Our Logo

Our Logo

While a logo design may seem like a straightforward undertaking, the SCVN project is uniquely positioned to consider the unexpected impacts of visual media. When working with communities who continue to be misrepresented or stereotyped, it is doubly important to keep in mind that images are not neutral. Images carry the weight of the viewer’s assumptions and risk falling into harmful legacies if used carelessly. When it came time to create the SCVN project logo, we were fortunate to work with graphic artist Sabba Khan who responded to these challenges of representation with great care and thoughtfulness.

There were a number of questions and considerations that framed the creation of the logo. Given the violent and traumatic nature of the topics engaged by this project, it was a priority that the project logo would not reproduce violent imagery. While the reality of the issues we work with is not something we hide from, our commitment to working with a trauma-informed approach requires us to be considerate of how some imagery can be triggering or upsetting, particularly for survivors of violent experiences. We actively avoided using design elements resembling fingerprints, hatching edged like barbed wire, and any harsh markings that would suggest erasure.

SCVN Co-Director Charlotte Schallié also insisted that the logo design and overall project colour scheme avoid using black wherever possible to emphasize, even in subtle ways, that this project is fundamentally about hope. The shades of blue in the final design tap into the power of a visual progression from darkness to light without recreating negative connotations of racial hierarchy or unintentionally referencing the colours of any national flag or symbol. For SCVN Project Manager, Jennifer Sauter, the blues in the logo also represent a needed link to the first stage of the project which set the tone for the work to come.

The logo is not just a symbol of the project, it is a symbol of the community we are building.

A second consideration guiding the logo design was the SCVN project focus on drawing and creativity. In the SCVN project, graphic novels are not simply a convenient (and popular) form of media, they are the defining methodology of this work. Drawing, as it is employed in the relationships between artists and survivors, shifts the power dynamic that characterizes traditional research. To sit and draw with someone while they share their story is to make a commitment to listen, to spend time, and to hold space for memory and truth to emerge. While this sense of connection and collaboration is key to the interviews and meetings with survivors, it is also key to the structure of the project itself which is defined by a non-hierarchal leadership structure. The final logo design is circular, alluding to the project focus on community and open, ongoing conversation. The design also calls to mind a speech bubble which is a defining visual associated with graphic novels.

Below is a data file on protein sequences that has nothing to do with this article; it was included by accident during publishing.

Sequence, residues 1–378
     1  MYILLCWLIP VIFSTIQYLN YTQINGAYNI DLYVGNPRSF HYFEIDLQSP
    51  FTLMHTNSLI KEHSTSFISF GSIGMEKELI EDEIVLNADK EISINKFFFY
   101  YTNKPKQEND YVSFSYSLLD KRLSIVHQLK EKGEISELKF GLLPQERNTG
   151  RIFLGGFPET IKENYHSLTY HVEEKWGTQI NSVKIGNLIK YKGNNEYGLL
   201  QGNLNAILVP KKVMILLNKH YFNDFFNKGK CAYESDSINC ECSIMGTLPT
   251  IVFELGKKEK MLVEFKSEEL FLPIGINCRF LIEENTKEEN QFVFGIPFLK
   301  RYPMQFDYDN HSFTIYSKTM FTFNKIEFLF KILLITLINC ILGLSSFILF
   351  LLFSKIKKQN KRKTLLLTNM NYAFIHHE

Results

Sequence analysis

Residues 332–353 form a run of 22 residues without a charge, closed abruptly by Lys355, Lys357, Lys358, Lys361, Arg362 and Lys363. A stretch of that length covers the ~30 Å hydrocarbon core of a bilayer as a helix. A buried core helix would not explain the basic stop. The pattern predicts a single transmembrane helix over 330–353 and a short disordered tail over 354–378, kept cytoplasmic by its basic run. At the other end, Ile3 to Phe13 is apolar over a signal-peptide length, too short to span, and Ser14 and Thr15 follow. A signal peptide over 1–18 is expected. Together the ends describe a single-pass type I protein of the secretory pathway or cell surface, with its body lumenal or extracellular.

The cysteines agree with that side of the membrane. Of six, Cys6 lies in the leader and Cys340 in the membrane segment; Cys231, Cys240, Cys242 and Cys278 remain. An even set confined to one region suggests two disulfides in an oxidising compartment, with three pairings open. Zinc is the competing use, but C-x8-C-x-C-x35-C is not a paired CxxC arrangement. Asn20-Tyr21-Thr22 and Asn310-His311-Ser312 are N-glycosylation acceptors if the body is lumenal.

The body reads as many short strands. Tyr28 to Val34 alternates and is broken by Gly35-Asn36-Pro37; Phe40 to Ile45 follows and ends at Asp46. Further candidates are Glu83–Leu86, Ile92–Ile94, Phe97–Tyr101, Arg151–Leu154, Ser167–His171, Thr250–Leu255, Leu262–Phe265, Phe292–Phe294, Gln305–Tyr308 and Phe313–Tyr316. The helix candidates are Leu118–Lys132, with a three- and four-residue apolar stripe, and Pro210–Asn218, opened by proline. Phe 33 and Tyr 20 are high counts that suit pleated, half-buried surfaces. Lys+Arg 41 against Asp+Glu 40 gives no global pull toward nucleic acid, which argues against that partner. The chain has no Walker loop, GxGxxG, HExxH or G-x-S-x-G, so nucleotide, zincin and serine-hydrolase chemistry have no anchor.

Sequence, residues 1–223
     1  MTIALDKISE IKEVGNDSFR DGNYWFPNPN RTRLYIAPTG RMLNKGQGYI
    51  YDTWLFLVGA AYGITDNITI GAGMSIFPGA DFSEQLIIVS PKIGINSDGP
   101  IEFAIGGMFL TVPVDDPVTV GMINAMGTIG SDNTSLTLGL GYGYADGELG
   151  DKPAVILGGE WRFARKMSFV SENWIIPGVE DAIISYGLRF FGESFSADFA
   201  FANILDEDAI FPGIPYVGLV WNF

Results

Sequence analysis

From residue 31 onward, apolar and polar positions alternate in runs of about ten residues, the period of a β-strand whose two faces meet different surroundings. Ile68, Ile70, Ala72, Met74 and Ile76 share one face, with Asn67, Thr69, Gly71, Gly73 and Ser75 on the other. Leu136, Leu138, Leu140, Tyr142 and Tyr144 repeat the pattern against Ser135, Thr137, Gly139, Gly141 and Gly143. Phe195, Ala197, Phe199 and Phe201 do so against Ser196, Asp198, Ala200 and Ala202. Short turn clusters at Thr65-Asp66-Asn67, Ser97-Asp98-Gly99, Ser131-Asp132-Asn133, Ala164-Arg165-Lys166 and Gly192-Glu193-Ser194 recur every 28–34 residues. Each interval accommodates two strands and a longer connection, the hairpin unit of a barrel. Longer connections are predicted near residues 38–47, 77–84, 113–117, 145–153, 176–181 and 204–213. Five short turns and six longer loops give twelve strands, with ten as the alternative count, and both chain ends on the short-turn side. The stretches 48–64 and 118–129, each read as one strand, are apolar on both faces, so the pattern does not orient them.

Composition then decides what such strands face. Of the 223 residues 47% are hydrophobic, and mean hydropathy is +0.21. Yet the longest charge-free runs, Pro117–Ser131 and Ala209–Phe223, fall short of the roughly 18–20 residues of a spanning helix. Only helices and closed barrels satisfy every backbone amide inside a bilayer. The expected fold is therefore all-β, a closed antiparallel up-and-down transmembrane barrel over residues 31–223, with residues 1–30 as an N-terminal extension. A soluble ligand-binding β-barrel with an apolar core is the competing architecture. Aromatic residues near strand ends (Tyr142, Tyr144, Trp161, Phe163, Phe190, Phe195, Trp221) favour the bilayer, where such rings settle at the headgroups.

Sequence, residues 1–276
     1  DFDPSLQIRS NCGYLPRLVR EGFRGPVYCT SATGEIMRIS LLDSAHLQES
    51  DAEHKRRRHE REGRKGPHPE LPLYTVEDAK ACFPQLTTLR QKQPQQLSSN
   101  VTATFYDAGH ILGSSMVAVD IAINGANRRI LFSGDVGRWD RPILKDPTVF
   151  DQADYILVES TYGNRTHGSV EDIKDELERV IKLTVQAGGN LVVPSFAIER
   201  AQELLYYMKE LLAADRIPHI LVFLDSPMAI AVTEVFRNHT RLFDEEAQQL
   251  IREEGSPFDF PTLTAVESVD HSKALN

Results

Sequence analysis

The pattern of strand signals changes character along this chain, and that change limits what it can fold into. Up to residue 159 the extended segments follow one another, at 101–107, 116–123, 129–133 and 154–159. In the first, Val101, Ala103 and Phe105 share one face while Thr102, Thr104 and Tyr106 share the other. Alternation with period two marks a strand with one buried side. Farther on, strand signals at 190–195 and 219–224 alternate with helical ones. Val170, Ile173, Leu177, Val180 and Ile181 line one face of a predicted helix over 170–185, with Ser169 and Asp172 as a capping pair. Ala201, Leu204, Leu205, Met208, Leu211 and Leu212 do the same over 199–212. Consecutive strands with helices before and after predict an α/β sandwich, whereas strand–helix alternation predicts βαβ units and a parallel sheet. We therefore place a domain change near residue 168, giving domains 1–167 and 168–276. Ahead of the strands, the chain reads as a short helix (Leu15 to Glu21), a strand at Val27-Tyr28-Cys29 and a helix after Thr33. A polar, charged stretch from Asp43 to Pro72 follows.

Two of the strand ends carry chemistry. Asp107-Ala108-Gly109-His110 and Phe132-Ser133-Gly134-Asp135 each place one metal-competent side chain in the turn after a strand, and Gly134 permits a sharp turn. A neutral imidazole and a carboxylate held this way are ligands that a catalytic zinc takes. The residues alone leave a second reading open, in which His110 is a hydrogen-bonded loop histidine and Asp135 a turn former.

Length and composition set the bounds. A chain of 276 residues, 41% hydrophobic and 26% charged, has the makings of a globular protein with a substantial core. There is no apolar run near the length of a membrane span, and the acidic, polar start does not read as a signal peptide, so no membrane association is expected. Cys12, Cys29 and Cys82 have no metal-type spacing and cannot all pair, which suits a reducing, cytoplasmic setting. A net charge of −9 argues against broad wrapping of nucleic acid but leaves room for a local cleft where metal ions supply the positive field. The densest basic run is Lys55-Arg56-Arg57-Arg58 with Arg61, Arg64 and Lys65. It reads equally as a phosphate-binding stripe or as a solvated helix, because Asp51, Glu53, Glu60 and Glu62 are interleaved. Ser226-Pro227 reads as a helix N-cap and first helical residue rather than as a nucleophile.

A final consideration that framed the logo design process was the need for this design to represent the five Research Clusters: Holocaust, Rwanda, Iraq & Syria, Yugoslav Wars, and Turtle Island. Each of these Research Clusters is grounded in a different foundational issue and while we must avoid painting all mass atrocities with the same brush, we can find ways to mutually support and acknowledge each other through participation in the broader SCVN project. The final logo design shows a wide range of human faces, representing many features, hair types, genders, and ages, and creating space for all to be represented and included. As SCVN Data Director, Matt Huculak put it, “When you see that logo stamped on the corner of something – a photo, drawing, or anything – it’s connecting that work to something bigger.” The logo is not just a symbol of the project, it is a symbol of the community we are building.

Drafts of the logo experimenting with the imagery of the speech bubble.